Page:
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MGT 5156 Host-Based Security


  • Abstract: 
`smash the stack` [C programming] n. On many C implementations
	it is possible to corrupt the execution stack by writing past
	the end of an array declared auto in a routine.  Code that does
	this is said to smash the stack, and can cause return from the
	routine to jump to a random address.  This can produce some of
	the most insidious data-dependent bugs known to mankind.
	Variants include trash the stack, scribble the stack, mangle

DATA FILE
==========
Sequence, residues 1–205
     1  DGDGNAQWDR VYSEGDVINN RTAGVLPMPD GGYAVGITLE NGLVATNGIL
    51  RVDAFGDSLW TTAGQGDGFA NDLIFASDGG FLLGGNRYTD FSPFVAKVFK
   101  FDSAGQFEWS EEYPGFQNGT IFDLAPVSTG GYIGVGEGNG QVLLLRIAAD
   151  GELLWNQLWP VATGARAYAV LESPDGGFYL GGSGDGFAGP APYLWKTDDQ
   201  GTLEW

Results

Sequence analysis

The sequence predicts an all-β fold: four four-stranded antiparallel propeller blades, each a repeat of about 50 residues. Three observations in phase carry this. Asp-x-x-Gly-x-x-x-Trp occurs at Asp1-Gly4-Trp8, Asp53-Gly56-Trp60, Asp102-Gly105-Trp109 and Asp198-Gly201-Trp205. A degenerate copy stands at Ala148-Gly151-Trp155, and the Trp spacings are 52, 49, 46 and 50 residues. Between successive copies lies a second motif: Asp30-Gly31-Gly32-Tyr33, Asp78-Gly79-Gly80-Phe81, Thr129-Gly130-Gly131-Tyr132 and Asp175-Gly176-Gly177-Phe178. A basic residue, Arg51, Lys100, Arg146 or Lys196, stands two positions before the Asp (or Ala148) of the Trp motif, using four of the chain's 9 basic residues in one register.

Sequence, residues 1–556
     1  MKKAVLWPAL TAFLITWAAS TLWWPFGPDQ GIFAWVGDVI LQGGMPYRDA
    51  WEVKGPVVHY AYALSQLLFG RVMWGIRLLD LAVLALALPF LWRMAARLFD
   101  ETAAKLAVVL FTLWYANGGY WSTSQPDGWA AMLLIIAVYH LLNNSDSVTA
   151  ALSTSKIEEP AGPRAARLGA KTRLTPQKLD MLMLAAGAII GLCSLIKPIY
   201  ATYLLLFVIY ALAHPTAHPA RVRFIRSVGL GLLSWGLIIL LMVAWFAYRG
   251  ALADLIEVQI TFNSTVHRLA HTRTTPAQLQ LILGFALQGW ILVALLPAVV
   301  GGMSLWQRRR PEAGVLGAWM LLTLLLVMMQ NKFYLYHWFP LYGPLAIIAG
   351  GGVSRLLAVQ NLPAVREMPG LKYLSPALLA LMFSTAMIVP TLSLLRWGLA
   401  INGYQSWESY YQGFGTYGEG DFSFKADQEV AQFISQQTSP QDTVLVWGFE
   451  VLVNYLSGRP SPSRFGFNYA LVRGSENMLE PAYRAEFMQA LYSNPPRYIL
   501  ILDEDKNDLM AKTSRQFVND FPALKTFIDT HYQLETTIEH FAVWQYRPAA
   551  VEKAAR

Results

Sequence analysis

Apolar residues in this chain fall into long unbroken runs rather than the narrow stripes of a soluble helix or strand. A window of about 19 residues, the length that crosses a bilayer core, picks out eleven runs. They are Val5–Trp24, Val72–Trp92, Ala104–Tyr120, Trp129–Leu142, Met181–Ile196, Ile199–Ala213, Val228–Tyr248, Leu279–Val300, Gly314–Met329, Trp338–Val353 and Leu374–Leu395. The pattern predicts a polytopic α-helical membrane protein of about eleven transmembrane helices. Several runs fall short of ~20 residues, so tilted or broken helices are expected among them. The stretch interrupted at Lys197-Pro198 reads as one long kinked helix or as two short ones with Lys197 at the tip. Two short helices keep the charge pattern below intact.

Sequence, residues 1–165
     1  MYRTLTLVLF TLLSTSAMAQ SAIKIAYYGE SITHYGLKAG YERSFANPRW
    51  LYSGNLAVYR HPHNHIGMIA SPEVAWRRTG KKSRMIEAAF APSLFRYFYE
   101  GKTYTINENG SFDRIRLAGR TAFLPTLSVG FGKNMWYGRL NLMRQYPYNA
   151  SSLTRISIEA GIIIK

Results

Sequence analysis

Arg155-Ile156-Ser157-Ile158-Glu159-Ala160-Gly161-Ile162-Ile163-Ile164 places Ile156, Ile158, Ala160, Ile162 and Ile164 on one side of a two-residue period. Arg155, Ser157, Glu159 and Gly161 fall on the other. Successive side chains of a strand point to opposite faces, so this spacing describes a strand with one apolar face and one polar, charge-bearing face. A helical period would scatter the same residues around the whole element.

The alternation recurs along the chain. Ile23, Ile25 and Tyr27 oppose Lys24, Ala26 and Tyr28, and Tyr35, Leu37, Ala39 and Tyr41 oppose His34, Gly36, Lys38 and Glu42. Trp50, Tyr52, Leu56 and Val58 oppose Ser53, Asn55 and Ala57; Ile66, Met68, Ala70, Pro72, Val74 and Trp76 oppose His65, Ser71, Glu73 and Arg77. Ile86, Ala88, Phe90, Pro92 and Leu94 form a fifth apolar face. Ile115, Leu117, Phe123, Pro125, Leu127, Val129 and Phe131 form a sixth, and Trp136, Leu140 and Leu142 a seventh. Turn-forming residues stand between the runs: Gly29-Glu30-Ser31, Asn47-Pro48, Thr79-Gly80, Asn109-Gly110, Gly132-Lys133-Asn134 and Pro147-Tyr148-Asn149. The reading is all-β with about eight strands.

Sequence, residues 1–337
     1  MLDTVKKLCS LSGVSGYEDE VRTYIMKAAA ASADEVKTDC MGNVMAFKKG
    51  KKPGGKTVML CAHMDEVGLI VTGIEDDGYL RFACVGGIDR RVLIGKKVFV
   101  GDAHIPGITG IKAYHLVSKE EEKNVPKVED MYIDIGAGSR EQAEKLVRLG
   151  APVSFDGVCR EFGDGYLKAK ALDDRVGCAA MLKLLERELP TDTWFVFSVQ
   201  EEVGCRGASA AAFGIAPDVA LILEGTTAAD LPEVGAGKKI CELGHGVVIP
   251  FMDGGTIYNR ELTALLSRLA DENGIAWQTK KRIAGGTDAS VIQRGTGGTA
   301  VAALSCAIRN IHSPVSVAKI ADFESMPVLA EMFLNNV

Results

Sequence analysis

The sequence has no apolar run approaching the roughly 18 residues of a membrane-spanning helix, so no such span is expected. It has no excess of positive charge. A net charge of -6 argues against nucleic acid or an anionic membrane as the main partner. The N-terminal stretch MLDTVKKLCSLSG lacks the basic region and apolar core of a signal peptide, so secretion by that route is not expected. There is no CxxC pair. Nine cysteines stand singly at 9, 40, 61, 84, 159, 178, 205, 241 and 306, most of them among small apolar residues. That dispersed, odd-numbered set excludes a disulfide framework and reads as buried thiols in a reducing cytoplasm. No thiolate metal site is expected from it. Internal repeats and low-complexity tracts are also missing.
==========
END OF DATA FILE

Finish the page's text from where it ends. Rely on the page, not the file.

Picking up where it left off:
the stack; the term mung the stack is not used, as this is
	never done intentionally. See spam; see also alias bug,
	fandango on core, memory leak, precedence lossage, overrun screw.


  • Abstract: 

We present new techniques that allow a return-into-libc attack to be mounted on x86 executables that calls no functions at all. Our attack combines a large number of short instruction sequences to build gadgets that allow arbitrary computation. We show how to discover such instruction sequences by means of static analysis. We make use, in an essential way, of the properties of the x86 instruction set.

  • Citation:

CS '07: Proceedings of the 14th ACM conference on Computer and communications security, October 2007,  Pages 552–561.